Do you like the technology limitations of the UCI?

Discussion in 'Professional Cycling' started by dominikk85, Nov 25, 2012.

  1. dominikk85

    dominikk85 New Member

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    In the last years the UCI created a lot of limitations regarding technology. for example regarding frame geometry, ban of the superman position, minimum weight of bikes and even beaming the hour record back to stone age.

    what do you think? is it good that the rider wins and not the best bike or is the UCI technologically backward.
     
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  2. jpr95

    jpr95 Active Member

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    If the UCI were in charge of track and field, the high jump would still be performed like hurdles are, uhhh, hurdled.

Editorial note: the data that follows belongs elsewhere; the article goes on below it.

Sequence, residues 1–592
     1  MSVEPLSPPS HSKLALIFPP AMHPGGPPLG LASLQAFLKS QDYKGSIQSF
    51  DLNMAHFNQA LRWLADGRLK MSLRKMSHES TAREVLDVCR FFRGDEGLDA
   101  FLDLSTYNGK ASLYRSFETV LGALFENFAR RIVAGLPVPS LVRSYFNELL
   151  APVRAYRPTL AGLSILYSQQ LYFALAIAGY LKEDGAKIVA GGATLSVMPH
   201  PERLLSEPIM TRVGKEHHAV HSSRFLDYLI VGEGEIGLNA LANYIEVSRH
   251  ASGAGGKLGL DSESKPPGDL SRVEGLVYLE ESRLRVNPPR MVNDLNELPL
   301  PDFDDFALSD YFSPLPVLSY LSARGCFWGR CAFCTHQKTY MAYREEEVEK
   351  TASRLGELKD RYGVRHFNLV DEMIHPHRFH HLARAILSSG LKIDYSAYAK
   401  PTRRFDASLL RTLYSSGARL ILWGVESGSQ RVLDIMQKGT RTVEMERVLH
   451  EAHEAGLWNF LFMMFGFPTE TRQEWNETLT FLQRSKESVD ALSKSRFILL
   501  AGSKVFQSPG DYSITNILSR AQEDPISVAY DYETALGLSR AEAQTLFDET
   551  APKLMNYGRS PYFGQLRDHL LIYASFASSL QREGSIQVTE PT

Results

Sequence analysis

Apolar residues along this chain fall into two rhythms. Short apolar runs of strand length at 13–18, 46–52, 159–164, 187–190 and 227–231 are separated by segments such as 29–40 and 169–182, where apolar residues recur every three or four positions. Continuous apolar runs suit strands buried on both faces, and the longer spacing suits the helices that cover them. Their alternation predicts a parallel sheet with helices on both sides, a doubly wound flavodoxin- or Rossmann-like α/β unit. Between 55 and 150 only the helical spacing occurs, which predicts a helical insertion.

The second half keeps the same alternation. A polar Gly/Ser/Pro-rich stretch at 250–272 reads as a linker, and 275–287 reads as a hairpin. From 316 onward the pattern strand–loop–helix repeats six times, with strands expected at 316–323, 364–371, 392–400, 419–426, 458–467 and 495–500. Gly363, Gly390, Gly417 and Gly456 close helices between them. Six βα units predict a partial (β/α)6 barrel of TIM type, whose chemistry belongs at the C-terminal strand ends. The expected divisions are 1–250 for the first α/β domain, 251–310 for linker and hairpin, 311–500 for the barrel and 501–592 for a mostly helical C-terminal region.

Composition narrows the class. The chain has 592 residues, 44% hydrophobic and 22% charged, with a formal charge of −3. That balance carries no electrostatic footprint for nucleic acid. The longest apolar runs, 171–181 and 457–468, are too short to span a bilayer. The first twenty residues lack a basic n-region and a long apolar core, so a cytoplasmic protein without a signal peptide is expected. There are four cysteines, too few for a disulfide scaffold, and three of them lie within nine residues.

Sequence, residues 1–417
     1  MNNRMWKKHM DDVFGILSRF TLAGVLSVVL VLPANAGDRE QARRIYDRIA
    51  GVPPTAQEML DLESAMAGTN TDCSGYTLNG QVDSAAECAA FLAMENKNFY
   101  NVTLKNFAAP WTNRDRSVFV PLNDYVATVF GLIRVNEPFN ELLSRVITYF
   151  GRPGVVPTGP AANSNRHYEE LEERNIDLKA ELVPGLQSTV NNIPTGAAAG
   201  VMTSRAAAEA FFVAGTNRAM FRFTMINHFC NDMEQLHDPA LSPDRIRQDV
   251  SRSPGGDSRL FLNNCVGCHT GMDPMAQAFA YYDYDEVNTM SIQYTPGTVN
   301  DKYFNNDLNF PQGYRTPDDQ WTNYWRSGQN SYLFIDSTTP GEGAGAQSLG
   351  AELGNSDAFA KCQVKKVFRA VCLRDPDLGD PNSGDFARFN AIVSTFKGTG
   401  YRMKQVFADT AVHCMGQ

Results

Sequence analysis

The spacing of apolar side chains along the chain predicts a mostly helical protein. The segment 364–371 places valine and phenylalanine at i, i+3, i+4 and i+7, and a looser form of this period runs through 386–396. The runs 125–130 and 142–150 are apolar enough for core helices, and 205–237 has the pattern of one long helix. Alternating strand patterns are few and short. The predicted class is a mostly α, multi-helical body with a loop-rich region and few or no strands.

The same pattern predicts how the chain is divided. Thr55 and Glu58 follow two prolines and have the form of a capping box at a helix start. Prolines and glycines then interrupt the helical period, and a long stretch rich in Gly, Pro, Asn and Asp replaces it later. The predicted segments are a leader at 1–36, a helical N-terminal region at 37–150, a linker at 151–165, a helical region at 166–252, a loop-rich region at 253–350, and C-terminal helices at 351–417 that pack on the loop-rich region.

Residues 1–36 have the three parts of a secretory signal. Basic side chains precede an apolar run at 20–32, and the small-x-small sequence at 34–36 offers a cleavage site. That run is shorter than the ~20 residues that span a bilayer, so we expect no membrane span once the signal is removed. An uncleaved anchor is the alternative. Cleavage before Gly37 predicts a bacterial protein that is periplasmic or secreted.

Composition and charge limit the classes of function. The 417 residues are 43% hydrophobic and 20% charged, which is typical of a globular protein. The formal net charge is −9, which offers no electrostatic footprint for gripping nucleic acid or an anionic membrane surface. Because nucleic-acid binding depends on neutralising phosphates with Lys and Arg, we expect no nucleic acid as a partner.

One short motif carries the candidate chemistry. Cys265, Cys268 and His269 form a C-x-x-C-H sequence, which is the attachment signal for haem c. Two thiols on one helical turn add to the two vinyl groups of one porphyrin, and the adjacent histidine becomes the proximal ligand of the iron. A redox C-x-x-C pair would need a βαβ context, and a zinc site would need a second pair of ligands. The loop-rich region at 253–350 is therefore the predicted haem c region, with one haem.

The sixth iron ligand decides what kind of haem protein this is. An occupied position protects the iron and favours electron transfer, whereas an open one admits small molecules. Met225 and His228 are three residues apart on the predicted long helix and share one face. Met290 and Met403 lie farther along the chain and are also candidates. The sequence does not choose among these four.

The Superman position isn't a technology improvement, it's a rider position innovation. If there are safety concerns, that's one thing, but to hold on to an old way of doing things just to make records of years past meaningful today is backward.
     
  3. vspa

    vspa Active Member

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    they are developed with good will, for safety concerns mainly, its not like in F1 where mechanicals are a big % of the success of a pilot,
     
  4. dominikk85

    dominikk85 New Member

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    with some things you are certainly right. for example those cinelli horns were indeed dangerous.

    but why is it dangerous to do an hour record with a tri handlebar? why is is dangerous to use a bike lighter than 6.8 kilos? Even the superman position is not really dangerous in an ITT.
     
  5. alienator

    alienator Well-Known Member